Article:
twowheeled,

You aren't going to break the bolt loose with an impact...unless it is a 1" gun hooked to one of those large trailer-mounted compressors...in my opinion.

I had a 1/2" breaker bar on a 20" x 1/2" extension. On the breaker bar, I had a 28" long piece of 1-1/4" black iron pipe and it took a LOT of weight on it with about half of the pipe pulled off of the breaker bar. That had the length of the cheater assembly at about 3'.

I had the extension laying on a jack stand and my wife was down holding the big hexagon tool and 1/2" breaker bar with a piece of 1" pipe on it.

There was a loud *POP* when it came loose.

I would say at least 400 lbs of torque was on it.
 

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dang!! now I see why my friend used a fence post as a cheater bar. What is the bolt torqued back to, hopefully not over 200ftlbs??
 

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dang!! now I see why my friend used a fence post as a cheater bar. What is the bolt torqued back to, hopefully not over 200ftlbs??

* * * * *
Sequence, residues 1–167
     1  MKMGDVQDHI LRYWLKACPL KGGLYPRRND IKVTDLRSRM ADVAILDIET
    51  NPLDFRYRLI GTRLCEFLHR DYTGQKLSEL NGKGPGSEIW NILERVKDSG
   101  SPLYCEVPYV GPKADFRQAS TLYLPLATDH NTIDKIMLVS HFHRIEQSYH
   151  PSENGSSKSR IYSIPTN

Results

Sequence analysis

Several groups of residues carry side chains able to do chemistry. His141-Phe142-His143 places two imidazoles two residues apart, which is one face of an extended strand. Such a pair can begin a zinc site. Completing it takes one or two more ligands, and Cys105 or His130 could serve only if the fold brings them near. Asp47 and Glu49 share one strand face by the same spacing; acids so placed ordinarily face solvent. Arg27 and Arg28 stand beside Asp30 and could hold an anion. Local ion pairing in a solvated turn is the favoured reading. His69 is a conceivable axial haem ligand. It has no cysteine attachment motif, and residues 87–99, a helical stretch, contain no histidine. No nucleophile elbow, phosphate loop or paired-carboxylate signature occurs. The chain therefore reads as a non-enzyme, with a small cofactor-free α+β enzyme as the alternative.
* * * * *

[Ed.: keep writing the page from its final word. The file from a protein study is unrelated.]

The FSM says 47 lb-ft... and then another 60* turn... whatever that number is.



I wonder what the actual number would be?
 

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Discussion Starter #12
Yep, here is where you can find the Honda service manual online:

http://www.handa-accessories.com/ridgelinemaint.html


As far as the torque spec for tightening the crankshaft bolt, yes, I did look at the procedure in the manual. Did I do it? Hell no. That is at the end of the job and the last thing I'm going to do is worry about putting 40-50-60-some odd pounds of torque back on a bolt that took 400-600 lbs to break it free. I'm not going to hurt it one bit by cranking down on it as hard as I can with no cheater pipe.

I didn't use a torque wrench the entire time. I tightened stuff back up as I saw fit. I took them all off, I know what it took to loosen them...I tightened them back up that way.

I don't think there's a single critical bolt/fastener on this job anyway. Tighten everything back up good and it's good to go.